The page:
We also predicted ZTs of RECuZnP2 (RE = Pr, Nd, Er) at 300 K, 400 K, 700 K. We omitted the Mg2Si structure because it was contained the training dataset of DopNet. By contrast, the RECuZnP2 (RE = Pr, Nd, Er) system have never been shown in the training dataset. Moreover, Pr and Er have never been shown in any data in the training dataset. For the calculation results of45, MAE was 0.12 for the RECuZnP2 (RE = Pr, Nd, Er) system. However, DopNet achieved MAE of 0.06 ± 0.01 in 10 times repetitions of the training and prediction processes for the same materials systems. Furthermore, although the calculation methods should be manually modified to improve the prediction accuracies, the prediction accuracy of DopNet can be improved just by collecting more training data. Thus, DopNet can be used as a computation tool to discover novel thermoelectric materials.

DopNet can provide a rapid prediction with reasonable prediction accuracies in discovering new thermoelectric materials. One of the most practical benefits of DopNet is that additional information generated by experimental analyses and density functional theory (DFT)46 calculations are not required. Thus, DopNet can be used for fast screening in large materials databases or combinatorially generated candidates. This screening method based on DopNet will significantly accelerate the process of discovering novel materials because we can sum up several candidate materials in thousands of materials from combinations of host materials, doped elements, and doping concentrations.

For a trained DopNet fθ(z; θ*), the computational screening process based on DopNet can be conducted as the following three steps.

  • Step 1: The chemical compositions of the candidate materials are generated combinatorially. For instance, the compositions of our target materials system TlaPbbTec are generated combinatorially for all possible values of the proportions a, b, and c. Then, the combinatorially generated compositions are validated based on chemical rules, such as valency checking.

  • Step 2: The trained DopNet predicts the target materials properties for the generated compositions. After the prediction, the compositions are sorted according to user-defined criteria.

  • Step 3: For top k materials in the prediction results, domain experts synthesize the selected materials to validate their properties experimentally.

Usually, the first and second steps are finished within an hour, i.e., promising materials can be identified from thousands of candidate materials within an hour. Thus, experimenters can significantly reduce the time required to synthesize thousands of materials to the time required to synthesize only a few k materials.

Methods

Forward process of DopNet

Forward process of DopNet consists of host embedding, dopant embedding, and prediction. For a host feature vector xh, a latent embedding of the host material is calculated via an the autoencoder and the host embedding network as:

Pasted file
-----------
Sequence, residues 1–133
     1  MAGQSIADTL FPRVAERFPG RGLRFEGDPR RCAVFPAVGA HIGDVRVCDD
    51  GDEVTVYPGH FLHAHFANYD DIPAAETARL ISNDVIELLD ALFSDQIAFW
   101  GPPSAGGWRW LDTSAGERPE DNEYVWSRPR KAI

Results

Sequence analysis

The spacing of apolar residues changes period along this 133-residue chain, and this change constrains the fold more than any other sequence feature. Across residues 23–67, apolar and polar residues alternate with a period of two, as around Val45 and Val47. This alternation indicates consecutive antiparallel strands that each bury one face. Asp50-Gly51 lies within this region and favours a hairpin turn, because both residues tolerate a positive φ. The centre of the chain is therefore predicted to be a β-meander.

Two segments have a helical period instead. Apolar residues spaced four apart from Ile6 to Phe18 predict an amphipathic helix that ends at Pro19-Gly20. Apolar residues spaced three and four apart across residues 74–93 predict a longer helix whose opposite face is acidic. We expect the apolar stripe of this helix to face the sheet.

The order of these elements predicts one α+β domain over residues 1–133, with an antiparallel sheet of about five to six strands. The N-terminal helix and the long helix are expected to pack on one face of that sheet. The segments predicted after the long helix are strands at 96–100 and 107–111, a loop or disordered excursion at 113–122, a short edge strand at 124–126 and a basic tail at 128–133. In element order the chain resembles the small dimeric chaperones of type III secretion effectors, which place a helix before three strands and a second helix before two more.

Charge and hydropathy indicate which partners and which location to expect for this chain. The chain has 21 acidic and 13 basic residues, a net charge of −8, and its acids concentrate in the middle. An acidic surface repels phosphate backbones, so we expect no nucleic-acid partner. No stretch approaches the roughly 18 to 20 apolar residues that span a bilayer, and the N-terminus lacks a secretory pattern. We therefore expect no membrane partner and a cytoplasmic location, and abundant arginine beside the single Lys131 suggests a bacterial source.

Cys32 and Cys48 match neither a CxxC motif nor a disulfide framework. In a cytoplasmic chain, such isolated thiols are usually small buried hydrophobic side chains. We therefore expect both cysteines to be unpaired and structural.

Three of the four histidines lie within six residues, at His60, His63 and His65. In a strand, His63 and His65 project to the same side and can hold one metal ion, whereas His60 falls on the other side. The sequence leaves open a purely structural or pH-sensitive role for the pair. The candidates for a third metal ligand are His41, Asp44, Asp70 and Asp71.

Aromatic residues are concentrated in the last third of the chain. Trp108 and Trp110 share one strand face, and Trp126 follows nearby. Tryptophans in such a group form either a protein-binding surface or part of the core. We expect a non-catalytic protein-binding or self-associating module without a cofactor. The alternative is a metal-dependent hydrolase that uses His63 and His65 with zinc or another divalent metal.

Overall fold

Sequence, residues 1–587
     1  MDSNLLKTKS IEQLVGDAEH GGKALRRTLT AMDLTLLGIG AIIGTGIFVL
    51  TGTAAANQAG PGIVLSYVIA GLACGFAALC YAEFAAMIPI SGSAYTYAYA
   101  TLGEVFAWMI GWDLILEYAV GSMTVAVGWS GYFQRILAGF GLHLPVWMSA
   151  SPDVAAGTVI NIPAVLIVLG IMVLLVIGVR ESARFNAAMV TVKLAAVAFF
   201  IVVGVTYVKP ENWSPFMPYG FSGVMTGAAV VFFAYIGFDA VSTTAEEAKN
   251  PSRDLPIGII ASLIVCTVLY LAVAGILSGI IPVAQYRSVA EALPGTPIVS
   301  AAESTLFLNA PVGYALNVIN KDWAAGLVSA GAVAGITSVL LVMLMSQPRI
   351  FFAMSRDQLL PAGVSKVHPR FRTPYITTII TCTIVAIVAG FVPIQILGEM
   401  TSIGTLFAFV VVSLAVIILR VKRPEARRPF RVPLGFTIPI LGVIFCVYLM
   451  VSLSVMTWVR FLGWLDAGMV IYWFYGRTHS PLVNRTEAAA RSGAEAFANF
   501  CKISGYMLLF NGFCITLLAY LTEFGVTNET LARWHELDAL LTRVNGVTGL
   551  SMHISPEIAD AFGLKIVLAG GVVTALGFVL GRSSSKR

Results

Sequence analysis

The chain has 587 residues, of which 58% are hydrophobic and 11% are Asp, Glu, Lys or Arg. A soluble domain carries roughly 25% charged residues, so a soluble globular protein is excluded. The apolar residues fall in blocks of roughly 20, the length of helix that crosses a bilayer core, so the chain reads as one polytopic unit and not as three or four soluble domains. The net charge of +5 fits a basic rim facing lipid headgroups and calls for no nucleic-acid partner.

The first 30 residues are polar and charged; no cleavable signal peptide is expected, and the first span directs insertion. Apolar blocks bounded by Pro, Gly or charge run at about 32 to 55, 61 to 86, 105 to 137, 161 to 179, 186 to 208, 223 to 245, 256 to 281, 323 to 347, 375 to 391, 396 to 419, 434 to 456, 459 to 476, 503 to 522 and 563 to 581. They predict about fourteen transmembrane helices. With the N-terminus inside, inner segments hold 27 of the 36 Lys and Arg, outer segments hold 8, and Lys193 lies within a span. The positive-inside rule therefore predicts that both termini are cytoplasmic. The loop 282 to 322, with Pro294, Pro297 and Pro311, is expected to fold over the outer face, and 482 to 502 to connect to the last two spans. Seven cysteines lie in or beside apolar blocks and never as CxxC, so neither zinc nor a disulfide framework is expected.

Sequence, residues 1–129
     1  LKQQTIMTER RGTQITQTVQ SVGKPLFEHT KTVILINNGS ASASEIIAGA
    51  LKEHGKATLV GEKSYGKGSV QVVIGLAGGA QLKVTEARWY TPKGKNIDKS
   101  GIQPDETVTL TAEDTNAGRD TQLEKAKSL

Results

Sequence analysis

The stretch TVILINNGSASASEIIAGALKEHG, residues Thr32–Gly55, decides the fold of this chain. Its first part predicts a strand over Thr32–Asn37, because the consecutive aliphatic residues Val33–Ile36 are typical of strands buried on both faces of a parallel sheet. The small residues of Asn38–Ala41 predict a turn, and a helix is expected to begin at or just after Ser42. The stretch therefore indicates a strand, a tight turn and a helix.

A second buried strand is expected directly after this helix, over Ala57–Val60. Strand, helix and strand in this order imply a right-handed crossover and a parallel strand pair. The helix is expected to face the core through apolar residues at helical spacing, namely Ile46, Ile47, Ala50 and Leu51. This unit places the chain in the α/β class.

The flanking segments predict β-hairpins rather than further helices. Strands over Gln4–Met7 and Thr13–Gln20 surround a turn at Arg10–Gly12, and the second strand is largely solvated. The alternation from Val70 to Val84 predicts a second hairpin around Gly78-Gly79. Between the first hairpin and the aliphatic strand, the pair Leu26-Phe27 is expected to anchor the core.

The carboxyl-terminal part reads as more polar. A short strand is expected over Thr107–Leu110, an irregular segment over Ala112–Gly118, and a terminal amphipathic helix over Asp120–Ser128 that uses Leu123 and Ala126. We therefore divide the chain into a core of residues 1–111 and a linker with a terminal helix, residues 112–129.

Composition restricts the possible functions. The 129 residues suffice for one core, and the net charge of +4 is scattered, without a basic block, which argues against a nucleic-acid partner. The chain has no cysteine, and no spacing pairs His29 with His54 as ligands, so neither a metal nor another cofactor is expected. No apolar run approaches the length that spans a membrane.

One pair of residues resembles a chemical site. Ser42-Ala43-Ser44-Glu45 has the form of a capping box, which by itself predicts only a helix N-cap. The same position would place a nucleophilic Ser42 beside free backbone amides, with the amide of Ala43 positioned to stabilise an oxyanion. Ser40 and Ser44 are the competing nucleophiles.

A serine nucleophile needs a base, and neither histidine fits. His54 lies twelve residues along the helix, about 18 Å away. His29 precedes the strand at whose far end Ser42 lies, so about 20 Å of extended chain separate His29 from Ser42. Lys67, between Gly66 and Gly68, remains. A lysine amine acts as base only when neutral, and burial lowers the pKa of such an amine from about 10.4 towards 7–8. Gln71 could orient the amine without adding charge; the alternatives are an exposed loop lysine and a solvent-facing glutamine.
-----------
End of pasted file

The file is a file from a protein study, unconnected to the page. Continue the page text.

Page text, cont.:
$${{\bf{z}}}_{h}={f}_{\omega }({u}_{\omega }({h}_{\phi }({{\bf{x}}}_{h}))),$$
(3)

where hϕ is an encoder network of the autoencoder, and fω is the host embedding network. Simultaneously, the dopant embedding zd is calculated from the set of dopant features Sd via dopant embedding networks as:

$${{\bf{z}}}_{d}={f}_{\mu }({{\bf{x}}}_{{d}_{1}})\oplus {f}_{\mu }({{\bf{x}}}_{{d}_{2}})\oplus \cdots \oplus {f}_{\mu }({{\bf{x}}}_{{d}_{K}}),$$
(4)

where \({{\bf{x}}}_{{d}_{i}}\) is a feature vector of ith dopant in the input material, fμ is the dopant embedding network, and  indicates vector concatenation. After generating the latent embeddings of the host material and the dopants, the target materials property y is predicted via fθ as:

$${\bf{y}}={f}_{\theta }({{\bf{z}}}_{h}\oplus {{\bf{z}}}_{d}).$$
(5)

By the independent embedding processes of the host material and the dopants in Eqs. (3) and (4), DopNet can easily capture the dopant effects in the entire materials. The forward step of DopNet is formally described in Algorithm1.

Model parameter optimization

The materials representations of the host materials are converted into the latent and compact embeddings via autoencoder in DopNet. In the training of DopNet, the autoencoder for the host material and the dopant embedding network are independently trained on the basis of the decomposed materials representations xh and Sd. Autoencoders are designed to extract latent features of given data and trained in unsupervised manner by minimizing reconstruction loss. For a given training dataset \({\mathcal{D}}=\{({{\bf{x}}}_{1},{{\bf{y}}}_{1}),({{\bf{x}}}_{2},{{\bf{y}}}_{2}),...,({{\bf{x}}}_{N},{{\bf{y}}}_{N})\}\), the training problem of autoencoders are defined by: